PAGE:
Why Didn’t Bayer’s October 2018 Forecast Include Monsanto Roundup Litigation MDL 2741? Several billion possible reasons!

By Mark A. York (March 25, 2019)

Jury Verdict Forms of March 19, 2019 Trial Findings Re: “Monsanto Roundup Caused Plaintiff’s Cancer”

Roundup MDL 2741 Federal Trial Jury Instructions of March 19, 2019

Roundup MDL 2741 Federal Trial Jury Verdict Form of March 19, 2019

 

Interim Report Third Quarter 2018

 

Explanatory Notes

Legal Risks

Product-related litigation

Mirena™: As of January 30, 2018, lawsuits from approximately 2,900 users of Mirena™, a levonorgestrel-releasing intrauterine system providing long-term contraception, had been served upon Bayer in the United States (excluding lawsuits no longer pending). Plaintiffs allege personal injuries resulting from the use of Mirena™, including perforation of the uterus, ectopic pregnancy or idiopathic intracranial hypertension, and seek compensatory and punitive damages. Plaintiffs claim, inter alia, that Mirena™ is defective and that Bayer knew or should have known of the risks associated with it and failed to adequately warn its users. Additional lawsuits are anticipated. In April 2017, most of the cases pending in U.S. federal courts in which plaintiffs allege idiopathic intracranial hypertension were consolidated in a multidistrict litigation (“MDL”) proceeding for common pre-trial management. As of January 30, 2018, lawsuits from approximately 400 users of Mirena™ alleging idiopathic intracranial hypertension had been served upon Bayer in the United States. Another MDL proceeding concerning perforation cases has, in the meantime, been dismissed. The Second Circuit Court of Appeals affirmed the perforation MDL district court’s summary judgment order of 2016 dismissing approximately 1,230 cases pending before that court. In August 2017, Bayer reached an agreement in principle with plaintiffs’ counsel leadership for global settlement of the perforation litigation, for a total amount of US$12.2 million. As of January 30, 2018, a total of approximately 4,000 cases would be included in the settlement. The idiopathic intracranial hypertension MDL proceeding is not included in the settlement.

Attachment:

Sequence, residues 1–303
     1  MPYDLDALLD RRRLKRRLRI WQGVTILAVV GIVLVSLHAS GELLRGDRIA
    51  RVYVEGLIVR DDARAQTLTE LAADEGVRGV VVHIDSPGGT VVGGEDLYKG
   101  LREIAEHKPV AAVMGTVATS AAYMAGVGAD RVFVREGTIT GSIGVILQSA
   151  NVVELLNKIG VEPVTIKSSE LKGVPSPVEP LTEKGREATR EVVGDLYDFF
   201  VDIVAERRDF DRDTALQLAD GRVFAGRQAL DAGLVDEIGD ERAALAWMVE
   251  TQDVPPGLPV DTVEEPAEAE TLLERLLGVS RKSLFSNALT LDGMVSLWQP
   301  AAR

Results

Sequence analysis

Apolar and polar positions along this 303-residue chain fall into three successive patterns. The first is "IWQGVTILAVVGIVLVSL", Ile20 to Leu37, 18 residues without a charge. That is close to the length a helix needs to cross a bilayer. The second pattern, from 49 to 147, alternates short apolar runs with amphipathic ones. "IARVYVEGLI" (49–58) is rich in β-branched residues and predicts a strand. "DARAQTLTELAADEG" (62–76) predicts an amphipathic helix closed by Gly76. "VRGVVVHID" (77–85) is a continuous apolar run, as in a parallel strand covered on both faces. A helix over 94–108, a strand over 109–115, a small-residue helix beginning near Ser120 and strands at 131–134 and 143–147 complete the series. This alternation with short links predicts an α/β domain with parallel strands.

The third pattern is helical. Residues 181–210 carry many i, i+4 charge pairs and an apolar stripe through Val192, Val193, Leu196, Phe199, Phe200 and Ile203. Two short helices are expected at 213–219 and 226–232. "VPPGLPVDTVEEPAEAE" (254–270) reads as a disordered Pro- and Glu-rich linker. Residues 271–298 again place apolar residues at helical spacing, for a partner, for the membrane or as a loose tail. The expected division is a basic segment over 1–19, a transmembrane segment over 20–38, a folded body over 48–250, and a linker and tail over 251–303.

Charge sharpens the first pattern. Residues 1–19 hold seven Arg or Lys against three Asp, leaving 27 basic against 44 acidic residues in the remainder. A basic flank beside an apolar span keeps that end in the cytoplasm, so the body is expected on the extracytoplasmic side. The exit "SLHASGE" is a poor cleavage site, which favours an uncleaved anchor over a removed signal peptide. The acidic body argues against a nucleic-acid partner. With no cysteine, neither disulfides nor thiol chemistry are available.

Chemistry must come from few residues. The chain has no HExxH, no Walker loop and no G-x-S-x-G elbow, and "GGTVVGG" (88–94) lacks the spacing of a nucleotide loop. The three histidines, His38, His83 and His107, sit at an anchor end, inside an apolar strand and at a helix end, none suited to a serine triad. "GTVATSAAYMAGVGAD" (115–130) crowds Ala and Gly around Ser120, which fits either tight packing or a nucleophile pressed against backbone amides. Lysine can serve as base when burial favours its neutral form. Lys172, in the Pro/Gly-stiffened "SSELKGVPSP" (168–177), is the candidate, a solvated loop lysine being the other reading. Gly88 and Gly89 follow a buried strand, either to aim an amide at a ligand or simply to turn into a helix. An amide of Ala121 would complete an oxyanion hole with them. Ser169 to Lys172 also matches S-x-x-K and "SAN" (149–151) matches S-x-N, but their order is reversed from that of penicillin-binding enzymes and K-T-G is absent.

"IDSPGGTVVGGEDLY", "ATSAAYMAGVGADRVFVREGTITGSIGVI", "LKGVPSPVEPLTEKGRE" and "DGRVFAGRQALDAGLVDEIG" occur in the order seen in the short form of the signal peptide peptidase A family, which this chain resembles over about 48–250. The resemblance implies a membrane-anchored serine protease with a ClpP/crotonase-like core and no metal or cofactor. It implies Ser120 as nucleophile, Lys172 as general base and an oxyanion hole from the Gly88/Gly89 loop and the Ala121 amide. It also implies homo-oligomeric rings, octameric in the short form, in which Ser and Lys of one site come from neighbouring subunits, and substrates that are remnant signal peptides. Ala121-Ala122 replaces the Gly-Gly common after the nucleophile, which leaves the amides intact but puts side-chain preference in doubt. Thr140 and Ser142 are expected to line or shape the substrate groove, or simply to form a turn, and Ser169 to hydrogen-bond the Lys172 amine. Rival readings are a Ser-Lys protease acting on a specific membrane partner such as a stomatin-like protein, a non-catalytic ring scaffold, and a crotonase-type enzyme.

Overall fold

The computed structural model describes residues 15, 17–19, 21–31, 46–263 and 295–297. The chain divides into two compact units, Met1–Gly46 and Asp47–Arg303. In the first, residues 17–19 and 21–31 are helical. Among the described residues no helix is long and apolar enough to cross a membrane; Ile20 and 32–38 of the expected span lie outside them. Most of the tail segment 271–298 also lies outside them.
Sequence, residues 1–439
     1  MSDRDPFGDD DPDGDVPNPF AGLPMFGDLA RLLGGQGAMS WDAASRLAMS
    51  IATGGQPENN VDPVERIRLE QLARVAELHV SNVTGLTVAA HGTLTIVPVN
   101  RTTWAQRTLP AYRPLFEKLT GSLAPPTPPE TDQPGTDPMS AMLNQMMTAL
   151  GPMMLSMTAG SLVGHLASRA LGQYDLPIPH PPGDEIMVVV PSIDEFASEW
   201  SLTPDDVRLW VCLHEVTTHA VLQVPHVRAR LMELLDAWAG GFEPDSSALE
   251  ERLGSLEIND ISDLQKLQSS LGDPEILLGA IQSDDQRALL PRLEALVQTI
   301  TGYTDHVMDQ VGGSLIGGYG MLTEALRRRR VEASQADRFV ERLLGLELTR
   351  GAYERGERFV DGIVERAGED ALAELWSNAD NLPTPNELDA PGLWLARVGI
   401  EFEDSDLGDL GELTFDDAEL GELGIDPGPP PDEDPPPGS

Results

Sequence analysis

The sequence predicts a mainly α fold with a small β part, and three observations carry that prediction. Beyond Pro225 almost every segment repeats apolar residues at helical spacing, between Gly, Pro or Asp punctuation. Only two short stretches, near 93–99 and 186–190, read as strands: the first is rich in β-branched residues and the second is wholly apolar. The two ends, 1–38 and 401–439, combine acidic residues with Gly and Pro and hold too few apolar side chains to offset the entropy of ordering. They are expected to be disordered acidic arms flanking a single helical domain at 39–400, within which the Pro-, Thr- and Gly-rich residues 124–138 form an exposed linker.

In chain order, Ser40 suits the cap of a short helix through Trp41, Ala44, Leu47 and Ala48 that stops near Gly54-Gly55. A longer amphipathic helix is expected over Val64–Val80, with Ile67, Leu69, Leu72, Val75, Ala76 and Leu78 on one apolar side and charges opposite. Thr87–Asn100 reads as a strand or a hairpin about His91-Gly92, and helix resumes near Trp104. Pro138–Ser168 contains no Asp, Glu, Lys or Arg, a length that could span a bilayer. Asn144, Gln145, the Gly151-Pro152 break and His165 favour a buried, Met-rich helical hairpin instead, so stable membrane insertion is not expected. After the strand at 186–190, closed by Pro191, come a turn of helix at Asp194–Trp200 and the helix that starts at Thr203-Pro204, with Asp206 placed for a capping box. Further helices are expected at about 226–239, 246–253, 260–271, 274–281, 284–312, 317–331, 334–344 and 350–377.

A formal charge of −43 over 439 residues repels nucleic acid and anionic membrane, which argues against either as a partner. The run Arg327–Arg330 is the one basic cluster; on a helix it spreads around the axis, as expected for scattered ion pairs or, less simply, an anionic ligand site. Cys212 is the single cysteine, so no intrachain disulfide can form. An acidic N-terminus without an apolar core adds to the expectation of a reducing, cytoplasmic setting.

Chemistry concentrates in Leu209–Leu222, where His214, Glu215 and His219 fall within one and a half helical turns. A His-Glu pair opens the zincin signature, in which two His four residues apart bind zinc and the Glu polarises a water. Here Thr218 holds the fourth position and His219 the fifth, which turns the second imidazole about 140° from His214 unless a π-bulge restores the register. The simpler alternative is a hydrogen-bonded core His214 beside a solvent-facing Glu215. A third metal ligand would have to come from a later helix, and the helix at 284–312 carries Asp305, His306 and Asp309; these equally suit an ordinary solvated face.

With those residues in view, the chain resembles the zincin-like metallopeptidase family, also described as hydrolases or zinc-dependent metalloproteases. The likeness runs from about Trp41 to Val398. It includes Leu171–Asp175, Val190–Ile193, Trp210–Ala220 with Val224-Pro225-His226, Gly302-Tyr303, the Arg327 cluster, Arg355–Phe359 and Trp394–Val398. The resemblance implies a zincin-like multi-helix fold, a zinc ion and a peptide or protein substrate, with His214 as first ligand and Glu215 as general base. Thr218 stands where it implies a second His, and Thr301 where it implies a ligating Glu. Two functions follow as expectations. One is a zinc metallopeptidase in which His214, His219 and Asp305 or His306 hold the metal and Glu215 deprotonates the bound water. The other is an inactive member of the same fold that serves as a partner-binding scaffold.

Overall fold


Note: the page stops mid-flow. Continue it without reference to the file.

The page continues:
As of January 30, 2018, five Canadian lawsuits relating to Mirena™ seeking class action certification had been served upon Bayer. Bayer believes it has meritorious defenses and intends to defend itself vigorously.

        XARELTO LITIGATION

Xarelto™: As of January 30, 2018, U.S. lawsuits from approximately 22,000 recipients of Xarelto™, an oral anticoagulant for the treatment and prevention of blood clots, had been served upon Bayer. Plaintiffs allege personal injuries from the use of Xarelto™, including cerebral, gastrointestinal or other bleeding and death, and seek compensatory and punitive damages. They claim, amongst other things, that Xarelto™ is defective and that Bayer knew or should have known of these risks associated with the use of Xarelto™ and failed to adequately warn its users. Additional lawsuits are anticipated. Cases pending in U.S. federal courts have been consolidated in an MDL for common pre-trial management. In May, June and August 2017, the first three MDL trials resulted in complete defense verdicts; plaintiffs have appealed all three verdicts. In January 2018, after the first trial to proceed in Pennsylvania state court had initially resulted in a judgment in favor of the plaintiff, the trial judge vacated the jury’s verdict and granted judgment in favor of Bayer. Further Pennsylvania state court trials are currently scheduled for the first and second quarters of 2018. Bayer anticipates that additional trials will be scheduled.